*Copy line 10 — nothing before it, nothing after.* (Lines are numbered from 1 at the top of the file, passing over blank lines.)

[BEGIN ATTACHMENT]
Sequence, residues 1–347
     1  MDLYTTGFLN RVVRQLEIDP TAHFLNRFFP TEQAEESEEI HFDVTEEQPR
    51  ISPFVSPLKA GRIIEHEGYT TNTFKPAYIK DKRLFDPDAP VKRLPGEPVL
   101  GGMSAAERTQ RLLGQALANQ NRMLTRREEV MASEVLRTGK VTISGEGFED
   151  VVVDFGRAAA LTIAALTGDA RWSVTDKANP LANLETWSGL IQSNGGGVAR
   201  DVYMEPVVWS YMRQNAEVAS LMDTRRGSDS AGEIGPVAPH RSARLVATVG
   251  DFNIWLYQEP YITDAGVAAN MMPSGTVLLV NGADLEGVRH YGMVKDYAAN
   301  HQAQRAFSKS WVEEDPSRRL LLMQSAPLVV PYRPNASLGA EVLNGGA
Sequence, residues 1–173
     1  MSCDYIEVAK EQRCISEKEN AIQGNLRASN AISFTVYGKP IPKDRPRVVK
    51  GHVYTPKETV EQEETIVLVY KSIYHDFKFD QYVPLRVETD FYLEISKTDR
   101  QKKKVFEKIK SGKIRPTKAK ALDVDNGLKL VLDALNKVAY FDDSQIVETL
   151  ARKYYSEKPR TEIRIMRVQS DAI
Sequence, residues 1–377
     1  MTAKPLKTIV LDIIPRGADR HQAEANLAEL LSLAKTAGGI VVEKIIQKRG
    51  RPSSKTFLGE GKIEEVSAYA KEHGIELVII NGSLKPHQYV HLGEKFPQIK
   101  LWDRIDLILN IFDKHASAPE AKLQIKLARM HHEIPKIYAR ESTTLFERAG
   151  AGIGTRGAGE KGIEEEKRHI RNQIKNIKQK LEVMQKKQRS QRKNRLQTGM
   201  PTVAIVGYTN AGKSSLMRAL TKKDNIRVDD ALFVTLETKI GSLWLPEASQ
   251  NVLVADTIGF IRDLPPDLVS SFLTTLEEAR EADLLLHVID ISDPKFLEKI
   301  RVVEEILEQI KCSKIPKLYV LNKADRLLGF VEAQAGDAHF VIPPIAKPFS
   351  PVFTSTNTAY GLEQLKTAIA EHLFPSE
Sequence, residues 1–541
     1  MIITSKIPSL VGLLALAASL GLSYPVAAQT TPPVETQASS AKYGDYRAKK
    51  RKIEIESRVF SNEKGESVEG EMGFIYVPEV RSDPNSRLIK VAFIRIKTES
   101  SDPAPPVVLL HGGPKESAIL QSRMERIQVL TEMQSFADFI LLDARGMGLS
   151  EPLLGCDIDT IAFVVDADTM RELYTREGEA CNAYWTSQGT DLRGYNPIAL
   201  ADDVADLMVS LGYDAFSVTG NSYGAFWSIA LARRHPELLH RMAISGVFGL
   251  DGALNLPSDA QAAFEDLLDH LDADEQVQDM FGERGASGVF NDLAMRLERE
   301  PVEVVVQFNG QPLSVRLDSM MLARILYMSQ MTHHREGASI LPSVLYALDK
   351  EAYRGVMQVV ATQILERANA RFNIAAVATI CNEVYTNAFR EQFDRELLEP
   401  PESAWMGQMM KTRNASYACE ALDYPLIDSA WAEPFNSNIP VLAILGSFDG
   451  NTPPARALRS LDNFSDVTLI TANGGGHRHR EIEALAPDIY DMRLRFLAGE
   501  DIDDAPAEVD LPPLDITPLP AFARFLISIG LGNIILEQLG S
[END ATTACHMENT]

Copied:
     1  MSCDYIEVAK EQRCISEKEN AIQGNLRASN AISFTVYGKP IPKDRPRVVK